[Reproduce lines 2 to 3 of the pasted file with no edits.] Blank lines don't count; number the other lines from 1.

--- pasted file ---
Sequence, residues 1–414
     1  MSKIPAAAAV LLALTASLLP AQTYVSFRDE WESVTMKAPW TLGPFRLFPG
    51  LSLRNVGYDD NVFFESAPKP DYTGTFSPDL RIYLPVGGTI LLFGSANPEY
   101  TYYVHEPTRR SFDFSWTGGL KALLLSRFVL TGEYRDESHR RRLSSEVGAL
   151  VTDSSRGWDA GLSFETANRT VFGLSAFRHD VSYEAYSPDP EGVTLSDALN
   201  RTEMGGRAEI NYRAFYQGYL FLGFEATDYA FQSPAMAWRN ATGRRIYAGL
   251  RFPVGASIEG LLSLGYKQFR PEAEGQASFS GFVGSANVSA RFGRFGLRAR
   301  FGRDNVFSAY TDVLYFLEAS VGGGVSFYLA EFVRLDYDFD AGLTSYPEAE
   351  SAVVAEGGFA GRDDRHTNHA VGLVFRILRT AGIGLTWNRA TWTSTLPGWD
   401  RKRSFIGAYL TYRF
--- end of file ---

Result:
     1  MSKIPAAAAV LLALTASLLP AQTYVSFRDE WESVTMKAPW TLGPFRLFPG
    51  LSLRNVGYDD NVFFESAPKP DYTGTFSPDL RIYLPVGGTI LLFGSANPEY